Other Entertainment Options Lapping Pro Sports

Everyone who works in sports right now is blaming the alarming drop in NBA, MLB, NASCAR and NHL attendance on the economy.

Pro Spectator Sports Golden Years Are Officially Over

(Sorry, no ‘plz support your team!’ piece by your local cheerleading columnist)

But look at other entertainment options, like movies, video games, and concerts. Those businesses are doing quite well, and in many cases have seen little-to-no dropoff in popularity. So why has attendance for *major league* sports fallen off a cliff while millions still flock to the next cheeseball Will Ferrell vehicle?

Besides NFL, is interest in pro sports in permanent decline?

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Answer: Besides the NFL, sports as entertainment is in permanent decline. The economic meltdown only sped up the inevitable.

I worked in sports for over a decade, for teams and in the main media. I was a play-by-play announcer in MLB, worked the minor leagues for many years in baseball and hockey, was a national talk show host at Fox Sports Radio and anchored Ohio State and USC football coverage for multiple years. But I’m 5+ years removed from the main media sports biz now, so I’ve got a completely different perspective on where the spectator sports industry is going.

Kids, the golden years are behind us.

Besides reams of bogus, “tickets-sold” game attendance stats, there’s mountains of anecdotal evidence that the pro sports bargain is no more for many ordinary folks making a typical wage. Even worse, those who previously paid for seats to games are staying away in droves. Saturday, I was at the Angels-Dodgers game at Dodger Stadium. Gorgeous weather. Memorial Day weekend. Dodgers have best record in baseball and the Angels are in town. And what did we get? A half-empty ballpark - with many of the empties no-shows.

10,000+ no-shows for the best team in baseball playing a rival on a perfect Memorial Day holiday? Ominous, to say the least.

Of course, pro teams and leagues have long known its business model is increasingly vulnerable. Since the early ’90s, which saw the beginning of a sports venue construction boom, sports execs have tried to reverse the tide by building ballparks to more resemble amusement parks. With that trend, one can infer that the folks running those venues apparently don’t put a lot of stock into the product on the field/court keeping people’s attention.

Earlier this season, Yankees management blamed an avalanche of empty seats during games not on abhorrently high ticket prices and a mediocre team, but on fans wandering around their new stadium, paying attention to everything but the game.

All the new ballparks and arenas now at worst feature restaurants, pickup bars, kiddie play areas, museums. And some even include mini-malls with merchants selling products that have nothing to do with the host team, or sports for that matter. So I guess the Yankees brass probably did have a point. But again, what does that all tell you?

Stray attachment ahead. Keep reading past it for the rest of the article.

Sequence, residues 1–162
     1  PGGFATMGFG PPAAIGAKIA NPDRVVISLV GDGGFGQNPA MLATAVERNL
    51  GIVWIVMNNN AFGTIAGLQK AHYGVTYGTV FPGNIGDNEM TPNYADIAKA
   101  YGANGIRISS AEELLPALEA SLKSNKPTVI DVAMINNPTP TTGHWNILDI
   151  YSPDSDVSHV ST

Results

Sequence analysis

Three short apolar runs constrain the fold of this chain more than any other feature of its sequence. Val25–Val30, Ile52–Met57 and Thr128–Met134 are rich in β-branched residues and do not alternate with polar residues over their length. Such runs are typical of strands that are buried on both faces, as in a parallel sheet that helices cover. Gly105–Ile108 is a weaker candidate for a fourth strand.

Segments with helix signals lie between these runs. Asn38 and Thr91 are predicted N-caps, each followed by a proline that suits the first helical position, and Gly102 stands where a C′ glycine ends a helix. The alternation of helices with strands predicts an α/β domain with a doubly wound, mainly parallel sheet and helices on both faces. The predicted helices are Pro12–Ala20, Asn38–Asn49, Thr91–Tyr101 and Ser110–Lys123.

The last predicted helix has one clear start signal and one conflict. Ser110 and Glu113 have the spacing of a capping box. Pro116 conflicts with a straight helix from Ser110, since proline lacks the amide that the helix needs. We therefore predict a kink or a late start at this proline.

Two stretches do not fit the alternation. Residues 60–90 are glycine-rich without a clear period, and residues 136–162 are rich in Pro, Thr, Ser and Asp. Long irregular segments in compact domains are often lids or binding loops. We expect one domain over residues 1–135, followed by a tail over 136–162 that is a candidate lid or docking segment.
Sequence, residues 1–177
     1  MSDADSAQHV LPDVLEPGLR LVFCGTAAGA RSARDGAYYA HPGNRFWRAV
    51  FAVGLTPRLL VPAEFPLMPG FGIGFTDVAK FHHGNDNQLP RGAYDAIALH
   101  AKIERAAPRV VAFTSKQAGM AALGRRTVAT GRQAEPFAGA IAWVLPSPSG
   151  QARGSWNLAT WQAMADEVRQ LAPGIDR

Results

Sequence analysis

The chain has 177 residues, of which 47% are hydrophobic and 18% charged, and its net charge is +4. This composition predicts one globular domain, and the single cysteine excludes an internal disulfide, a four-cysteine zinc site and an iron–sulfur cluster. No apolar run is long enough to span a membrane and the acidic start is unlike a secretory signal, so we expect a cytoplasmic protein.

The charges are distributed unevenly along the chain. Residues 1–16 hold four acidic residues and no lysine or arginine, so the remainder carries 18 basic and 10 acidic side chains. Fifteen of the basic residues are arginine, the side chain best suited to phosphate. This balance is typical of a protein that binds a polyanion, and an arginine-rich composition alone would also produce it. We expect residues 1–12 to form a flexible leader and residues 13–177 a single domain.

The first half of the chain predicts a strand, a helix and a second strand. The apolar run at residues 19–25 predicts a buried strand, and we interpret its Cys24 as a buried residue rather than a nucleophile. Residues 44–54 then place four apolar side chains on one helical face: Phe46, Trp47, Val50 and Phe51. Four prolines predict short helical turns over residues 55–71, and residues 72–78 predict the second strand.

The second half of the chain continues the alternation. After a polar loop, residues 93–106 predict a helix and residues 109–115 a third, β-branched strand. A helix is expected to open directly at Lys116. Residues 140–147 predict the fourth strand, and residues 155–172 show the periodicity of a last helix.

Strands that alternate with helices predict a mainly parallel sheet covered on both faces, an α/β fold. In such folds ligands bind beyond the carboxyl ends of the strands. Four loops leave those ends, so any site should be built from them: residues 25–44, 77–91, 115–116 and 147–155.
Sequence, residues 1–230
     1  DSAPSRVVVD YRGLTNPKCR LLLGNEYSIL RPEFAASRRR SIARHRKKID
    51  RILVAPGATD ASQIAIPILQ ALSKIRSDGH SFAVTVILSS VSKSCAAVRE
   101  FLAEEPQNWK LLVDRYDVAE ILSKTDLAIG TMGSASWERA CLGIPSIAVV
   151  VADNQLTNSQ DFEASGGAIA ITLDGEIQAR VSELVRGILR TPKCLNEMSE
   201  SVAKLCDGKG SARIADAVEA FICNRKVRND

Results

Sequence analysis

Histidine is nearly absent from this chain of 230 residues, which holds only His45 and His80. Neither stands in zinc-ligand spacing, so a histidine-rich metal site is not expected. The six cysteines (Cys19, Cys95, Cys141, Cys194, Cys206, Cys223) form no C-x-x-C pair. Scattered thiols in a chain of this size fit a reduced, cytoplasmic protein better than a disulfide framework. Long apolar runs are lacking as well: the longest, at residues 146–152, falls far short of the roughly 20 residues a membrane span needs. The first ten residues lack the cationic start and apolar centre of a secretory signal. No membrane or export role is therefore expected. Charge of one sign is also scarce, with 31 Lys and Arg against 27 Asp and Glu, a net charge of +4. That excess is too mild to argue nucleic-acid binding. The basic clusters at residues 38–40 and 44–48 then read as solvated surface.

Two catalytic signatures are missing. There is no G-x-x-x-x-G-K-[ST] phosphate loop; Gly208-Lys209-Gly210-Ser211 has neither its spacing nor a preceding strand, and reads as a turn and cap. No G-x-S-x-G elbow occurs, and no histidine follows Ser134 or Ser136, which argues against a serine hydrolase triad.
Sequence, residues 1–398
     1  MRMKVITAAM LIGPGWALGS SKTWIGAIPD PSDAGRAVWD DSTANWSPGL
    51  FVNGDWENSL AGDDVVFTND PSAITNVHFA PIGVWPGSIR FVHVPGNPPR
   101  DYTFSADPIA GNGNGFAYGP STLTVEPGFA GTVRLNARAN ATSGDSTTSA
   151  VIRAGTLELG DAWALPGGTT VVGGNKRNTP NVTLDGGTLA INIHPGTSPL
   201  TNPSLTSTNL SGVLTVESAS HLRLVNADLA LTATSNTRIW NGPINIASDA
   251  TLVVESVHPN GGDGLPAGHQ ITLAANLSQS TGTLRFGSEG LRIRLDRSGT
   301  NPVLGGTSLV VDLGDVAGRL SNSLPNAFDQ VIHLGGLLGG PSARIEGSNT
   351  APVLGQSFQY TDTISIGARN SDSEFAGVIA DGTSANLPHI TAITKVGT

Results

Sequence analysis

All of the above does not apply to the NFL, though.

Because of the smallish number of games, league parity and insane media hype, the NFL has evolved into the perfect spectator sport beast. Like MLB, NBA and the other so-called major league sports, NFL ticket prices are laughably high. But bloodsport, especially in restrained, equal doses, now outsells stick and ball sports.

And wouldn’t you think that the NFL’s competitors for sports-based dollars would figure out that less is more? And that league parity is the linchpin to keep fans interested? (You don’t need to answer that.)

As I’ve been saying in this space for many months now, what you are going to see in the next five years is a spate of consolidation in the NHL, NBA and perhaps even MLB. I expect a handful of teams to relocate, and a few others to cease operation. (Not every franchise will have a benefactor like Jim Balsillie.)

Warm-weather NHL markets are obviously the most vulnerable financially, but the NBA has plenty of problem children, too. And that will not change, save one of those cratered franchises making a championship run that could extend its shelf-life.

For those not in the affected markets, that consolidation will be good news for the sports industry. There’s too many teams, too many games, too much dilution to keep the typical person interested. (Yes commenters, there are exceptions!)

I would love to be able to say that pro sports will soon make a comeback and you will see sold-out stadia and TV ratings through the roof in the very near future. But the facts support that sports as a major investment in people’s lives, like so many other things in our culture, is being lapped every day by advancing technology.

On the bright side, thank goodness smartphones, laptops and iPods weren’t around when Chris Chambliss did this to me in 1976:

Saved me alotta replacement loot.

By the way, here’s a link to the pic you’ve been looking for. If it comes up in the comments, someone please lend a hand.


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